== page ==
Best French Restaurants in New York


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Perhaps it is the irreverence of the French je ne sais quoi, the ease, simplicity and technical precision of French cuisine or the abundance of decadent butter – without the guilt of counting calories – in everything. is French, but we Americans don’t seem to understand enough. We’ll admit we’re Francophiles, and Bastille Day is enough excuse to celebrate the culture we perhaps love more than our own with some of the best food on the market. New York City is home to some of the world’s best French restaurants outside of Paris, and we’ll take classic and innovative French flavors to the United States to celebrate. Here, our favorite French restaurants in New York, in honor of France’s Independence Day.

The ultimate: Bernadin

Chef Eric Ripert serves delicate but punchy seafood dishes here in a sophisticated setting that is as upscale as Manhattan, with the exception of other namesake French institutions in the city like Daniel by Chef Daniel Bouloud. , Jean Georges and David Bouley’s Bouley. Delicious for lunch and dinner, prix fixe menus range from caviar, snapper and tuna to langoustine, albacore tuna, Kobe beef and skate. Head here if you are looking for primitive, correct and perfectly executed dishes with as much pomp and circumstance as Ripert’s training and thoughtful innovation deserves. This hotspot isn’t rustic or understated by any means, but it might be the best plate of food to put on a table in all of New York City.

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The Sweet & Chic: Claudette

It’s the kind of chic but easy dining room where it is good to put your elbows on the table from time to time, and where you can relax and share a bottle of very good wine with friends, without taking a head. Carefully curated decor joins an equally exciting menu at this Provencal restaurant, where the Tunisian upbringing of chef Ari Bokovza also takes center stage. Expect dishes that combine southern French cuisine with Mediterranean and Middle Eastern flavors, like a lamb tagine and squid dish topped with homemade harissa and served with sweet potato falafels, as well as classic options like a bouillabaisse, a selection of cheeses and fresh salads that call from Provencal farmhouse to table cuisine.

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L’Affaire Rustique: Buvette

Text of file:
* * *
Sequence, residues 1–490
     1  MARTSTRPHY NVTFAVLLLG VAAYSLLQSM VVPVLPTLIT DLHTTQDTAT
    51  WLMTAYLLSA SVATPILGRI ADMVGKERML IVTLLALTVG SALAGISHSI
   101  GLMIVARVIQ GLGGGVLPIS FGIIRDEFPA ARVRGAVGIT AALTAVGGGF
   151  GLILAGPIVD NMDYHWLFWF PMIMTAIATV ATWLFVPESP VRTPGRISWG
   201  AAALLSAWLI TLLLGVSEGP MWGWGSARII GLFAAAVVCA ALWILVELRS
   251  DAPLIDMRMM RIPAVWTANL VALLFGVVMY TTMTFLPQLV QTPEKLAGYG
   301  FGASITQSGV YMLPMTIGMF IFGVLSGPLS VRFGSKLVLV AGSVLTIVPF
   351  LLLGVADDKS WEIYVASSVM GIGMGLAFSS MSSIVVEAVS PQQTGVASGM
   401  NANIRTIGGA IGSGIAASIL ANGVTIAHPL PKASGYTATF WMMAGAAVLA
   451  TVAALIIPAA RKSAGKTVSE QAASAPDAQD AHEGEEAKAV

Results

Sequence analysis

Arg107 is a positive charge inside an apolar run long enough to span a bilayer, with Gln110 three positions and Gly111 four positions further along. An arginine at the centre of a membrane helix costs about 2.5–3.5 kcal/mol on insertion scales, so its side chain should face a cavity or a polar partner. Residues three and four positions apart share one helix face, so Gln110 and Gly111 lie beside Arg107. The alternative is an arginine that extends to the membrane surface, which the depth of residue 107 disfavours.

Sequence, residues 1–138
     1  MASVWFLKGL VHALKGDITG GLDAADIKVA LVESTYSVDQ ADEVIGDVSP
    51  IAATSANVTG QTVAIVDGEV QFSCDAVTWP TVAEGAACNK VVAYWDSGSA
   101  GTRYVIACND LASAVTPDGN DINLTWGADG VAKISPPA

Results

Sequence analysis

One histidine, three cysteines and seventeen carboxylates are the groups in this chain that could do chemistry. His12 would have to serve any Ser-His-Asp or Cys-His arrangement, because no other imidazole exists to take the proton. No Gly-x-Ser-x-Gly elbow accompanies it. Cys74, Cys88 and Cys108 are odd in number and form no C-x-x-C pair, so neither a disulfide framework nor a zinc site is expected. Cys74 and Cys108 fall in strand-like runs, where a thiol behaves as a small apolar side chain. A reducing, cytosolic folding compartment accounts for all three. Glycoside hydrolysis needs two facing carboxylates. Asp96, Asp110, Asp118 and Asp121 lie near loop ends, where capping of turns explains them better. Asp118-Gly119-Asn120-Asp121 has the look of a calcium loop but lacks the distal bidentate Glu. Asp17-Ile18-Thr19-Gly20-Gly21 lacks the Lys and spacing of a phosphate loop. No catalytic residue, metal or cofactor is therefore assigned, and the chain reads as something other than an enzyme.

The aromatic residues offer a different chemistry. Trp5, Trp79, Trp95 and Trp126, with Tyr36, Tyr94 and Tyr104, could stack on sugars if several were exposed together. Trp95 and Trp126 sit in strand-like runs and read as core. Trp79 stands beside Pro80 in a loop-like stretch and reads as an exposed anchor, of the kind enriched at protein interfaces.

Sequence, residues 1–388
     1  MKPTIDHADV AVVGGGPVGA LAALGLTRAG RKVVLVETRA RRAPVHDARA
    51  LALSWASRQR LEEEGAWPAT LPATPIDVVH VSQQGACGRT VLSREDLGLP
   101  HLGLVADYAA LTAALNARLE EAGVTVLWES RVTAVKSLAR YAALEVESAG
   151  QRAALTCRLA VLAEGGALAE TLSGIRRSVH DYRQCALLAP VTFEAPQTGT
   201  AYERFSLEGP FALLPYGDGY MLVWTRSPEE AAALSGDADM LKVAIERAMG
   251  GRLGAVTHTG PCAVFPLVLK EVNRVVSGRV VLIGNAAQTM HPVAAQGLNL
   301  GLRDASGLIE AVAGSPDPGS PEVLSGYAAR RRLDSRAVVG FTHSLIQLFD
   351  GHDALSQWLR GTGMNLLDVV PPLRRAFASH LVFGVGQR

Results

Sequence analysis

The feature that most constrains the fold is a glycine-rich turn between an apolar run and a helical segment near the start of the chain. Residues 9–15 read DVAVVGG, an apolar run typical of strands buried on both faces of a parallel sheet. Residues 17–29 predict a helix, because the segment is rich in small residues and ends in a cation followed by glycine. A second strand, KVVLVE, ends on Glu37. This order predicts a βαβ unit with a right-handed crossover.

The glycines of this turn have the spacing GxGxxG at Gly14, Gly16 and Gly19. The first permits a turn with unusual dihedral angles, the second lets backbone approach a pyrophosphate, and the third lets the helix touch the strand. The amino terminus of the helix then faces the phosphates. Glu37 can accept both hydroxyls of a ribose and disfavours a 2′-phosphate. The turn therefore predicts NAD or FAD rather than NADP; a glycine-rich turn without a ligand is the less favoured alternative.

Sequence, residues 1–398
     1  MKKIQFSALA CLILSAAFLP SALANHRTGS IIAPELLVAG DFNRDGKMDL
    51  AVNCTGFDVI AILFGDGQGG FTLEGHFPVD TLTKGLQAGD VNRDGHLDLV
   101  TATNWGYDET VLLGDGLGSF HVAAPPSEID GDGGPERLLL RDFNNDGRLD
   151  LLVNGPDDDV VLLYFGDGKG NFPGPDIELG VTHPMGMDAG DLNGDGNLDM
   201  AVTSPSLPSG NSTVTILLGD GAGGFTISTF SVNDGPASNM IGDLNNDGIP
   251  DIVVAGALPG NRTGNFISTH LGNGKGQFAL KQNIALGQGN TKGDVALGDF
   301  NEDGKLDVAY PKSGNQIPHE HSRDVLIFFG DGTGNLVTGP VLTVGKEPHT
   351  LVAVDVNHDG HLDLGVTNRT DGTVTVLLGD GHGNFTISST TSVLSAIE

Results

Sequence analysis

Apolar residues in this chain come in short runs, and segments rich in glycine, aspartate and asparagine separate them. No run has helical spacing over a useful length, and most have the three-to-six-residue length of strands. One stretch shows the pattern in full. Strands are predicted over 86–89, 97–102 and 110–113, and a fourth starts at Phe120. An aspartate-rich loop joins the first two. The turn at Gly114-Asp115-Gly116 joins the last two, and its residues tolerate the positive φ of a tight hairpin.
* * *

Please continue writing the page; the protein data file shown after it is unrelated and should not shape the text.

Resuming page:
New Yorkers know the best places to eat are the places where chefs choose to dine when they’re not cooking, and this sweet, rustic place is home to some of the city’s best cooks and critics. Chef Jody Williams knows how to create a downtown hotspot effortlessly more than any other chef in the business, without the frills and hassle of fine dining. Williams is not a question of exclusivity, quite the contrary. Its restaurants are welcoming, warm and serve delicious rustic little plates that are best shared with good friends and accompanied by a great wine (which its cellar pours by the glass, in a carafe or in a bottle). Its Italian restaurants, I Sodi and Via Carota are to die for, but its French hub, Buvette, is one we can’t get enough of. Visit for any meal – it’s almost hard to choose the service that serves the best options here – and prepare to queue; Buvette does not take reservations but is worth the wait. Williams describes this place as “part restaurant, part bar, part cafe” on the restaurant’s website, and his self-awareness is perfect. Grab an espresso or a glass of wine from the small bar, then stick around for a meal, whatever time of day.

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The hot spot: Le Coucou

Ask any New Yorker in the know which restaurant they would kill for a reservation right now; chances are, 9 times out of 10 you will hear the same answer – The Cuckoo. Daniel Rose, who honed his skills for innovative French cuisine with a whimsical twist at Spring restaurant next to the Louvre in Paris, is the star of the kitchen here – sending light dishes with savory punches that, despite their innovation, don’t do not feel in the least fashionable. After a stimulating dinner in their perfectly designed dining room paired with an even more beautifully decorated bar, make your way to 11 Howard, Le Coucou hotel is home, for a nightcap at the hotel bar, The Blond .

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The best chicken in the world: Le Coq Rico

Stop everything. Really, it doesn’t matter what you do compared to the super chewy, extra-delicious chicken you have to enjoy at Coq Rico. Chicken, we’ll admit, isn’t the first thing we order on any menu. The trite, basic phrase “tastes chicken” is downright enough to keep us from ordering it over more exciting seafood, meat, or vegetarian options. But this is no ordinary chicken. This chicken is magic. Parisian import, Le Coq Rico is now based in Manhattan for those looking for the best bird; we’re not exaggerating when we say barbecue doesn’t hold a candle at this fancy dining venue. If you’re dining with friends, order the dishes meant to be shared and be sure to research their seasonal offerings – they’re as fresh as they get.

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The new but nostalgic: Vaucluse

The Upper East Side is a hub for classics – and it needed Vaucluse after years of the same French haute cuisine dominating the classic upscale dining scene. This restaurant adjacent to Chef Michael White’s Metropolitan Museum draws its skills and know-how from the management of Italian institution Marea, and translates them into a classic French gastronomic concept with offerings that match this bill. Expect traditional platters like snails, terrines, duck à l’orange, pâté, tartare, and a large serving of their Italian staples like homemade pasta infused with rich French flavors.

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